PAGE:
Immunotherapy (Allergy shots)
Immunotherapy is one of the major breakthroughs in modern allergy treatment. It can be referred to as desensitization, hypo-sensitization, or just "allergy shots".
In the immunotherapy process, a series of injections is given in gradually increasing doses of allergen extracts. Only the specific substances to which a patient tested allergic are included in the extract mix. These include, most commonly, weed, grass, and tree pollens, and dust mites. Each shot given has a slightly higher dose than the preceding, until a "maintenance" level is reached. This higher maintenance dose is continued for a period of time - generally one to three years - as allergy symptoms decrease.
Partial to complete relief is experienced in about two-thirds of patients. The relief can last several years after the allergy shots are ceased. In many cases the relief is very long term, especially in children.
A patient who embarks on this therapy should make the commitment to see it through. When starting immunotherapy, you will need to go to your healthcare provider once or twice a week for several months. The dose is increased each time until the maintenance dose is reached. If the shots are effective, you will go to your healthcare provider every 2 to 4 weeks for 2 to 5 more years. You may become less sensitive to allergens during this time, and your allergy symptoms should become milder and may even go away completely.
Immunotherapy can be expensive, but it is covered by most insurances. It is important to also compare how much you spend in the course of a year on antihistamines, decongestants, and analgesics to obtain relief. Then consider time missed from work or school and how much leisure time is spent uncomfortable all because of allergy symptoms.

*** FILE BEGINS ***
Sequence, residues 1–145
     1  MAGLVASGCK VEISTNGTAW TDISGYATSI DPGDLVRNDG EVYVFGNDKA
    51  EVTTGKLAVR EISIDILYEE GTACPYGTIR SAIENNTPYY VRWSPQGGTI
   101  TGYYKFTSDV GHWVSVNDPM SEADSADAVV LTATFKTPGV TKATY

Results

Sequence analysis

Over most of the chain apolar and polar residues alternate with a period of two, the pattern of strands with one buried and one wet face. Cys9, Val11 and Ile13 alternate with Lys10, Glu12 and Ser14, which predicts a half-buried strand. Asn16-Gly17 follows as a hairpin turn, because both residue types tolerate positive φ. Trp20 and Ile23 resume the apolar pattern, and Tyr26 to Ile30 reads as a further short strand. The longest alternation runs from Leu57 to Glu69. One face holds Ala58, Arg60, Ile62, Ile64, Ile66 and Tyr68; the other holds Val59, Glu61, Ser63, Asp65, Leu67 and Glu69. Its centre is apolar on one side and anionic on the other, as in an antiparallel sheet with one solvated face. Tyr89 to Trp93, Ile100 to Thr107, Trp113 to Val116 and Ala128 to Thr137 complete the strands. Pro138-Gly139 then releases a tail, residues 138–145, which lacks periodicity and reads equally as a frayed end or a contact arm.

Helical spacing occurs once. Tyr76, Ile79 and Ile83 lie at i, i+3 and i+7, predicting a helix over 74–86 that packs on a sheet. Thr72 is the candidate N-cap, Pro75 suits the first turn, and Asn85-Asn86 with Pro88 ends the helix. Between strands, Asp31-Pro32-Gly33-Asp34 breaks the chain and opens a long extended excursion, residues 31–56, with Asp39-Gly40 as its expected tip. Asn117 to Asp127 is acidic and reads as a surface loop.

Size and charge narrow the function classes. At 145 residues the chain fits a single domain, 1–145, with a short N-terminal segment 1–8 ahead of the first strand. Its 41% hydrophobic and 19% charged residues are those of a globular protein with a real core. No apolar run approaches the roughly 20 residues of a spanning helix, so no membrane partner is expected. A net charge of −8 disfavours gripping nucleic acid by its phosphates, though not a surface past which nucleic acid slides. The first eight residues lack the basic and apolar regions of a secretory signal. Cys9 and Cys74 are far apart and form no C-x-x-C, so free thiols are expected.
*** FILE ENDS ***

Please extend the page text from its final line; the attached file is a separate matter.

The first step is to determine your allergic response to a panel of allergens with “allergy skin testing”. After allergy testing our providers will discuss the risks and benefits of immunotherapy if it is indicated.
How Should I Prepare for Allergy Shots?
For two hours before and after your appointment, do not exercise or engage in vigorous activity. Exercise may stimulate increased blood flow to the tissues and promote faster release of antigens into the bloodstream.
Tell your provider about all the medications you are taking. Some medications, such as beta blockers, can interfere with the treatment and/or increase the risk of side effects. You may have to stop allergy shots if you are taking these medications.
Talk to your provider about the safety of continuing the allergy shots if you are pregnant or planning to become pregnant.
What Should I Expect After Allergy Shots?
Usually, you will be monitored for about 30 minutes after receiving an allergy shot to make sure that you don't develop side effects such as itchy eyes, shortness of breath, runny nose, or tight throat. If you develop these symptoms after you leave the doctor's office, take an antihistamine and go back to your doctor's office or go to the nearest emergency room. While serious adverse reactions are rare, you will carry an Epipen for emergency use until you can get medical care.
Redness, swelling, or irritation within one inch of the site of the injection is normal. These symptoms should go away within 4 to 8 hours after receiving the shot.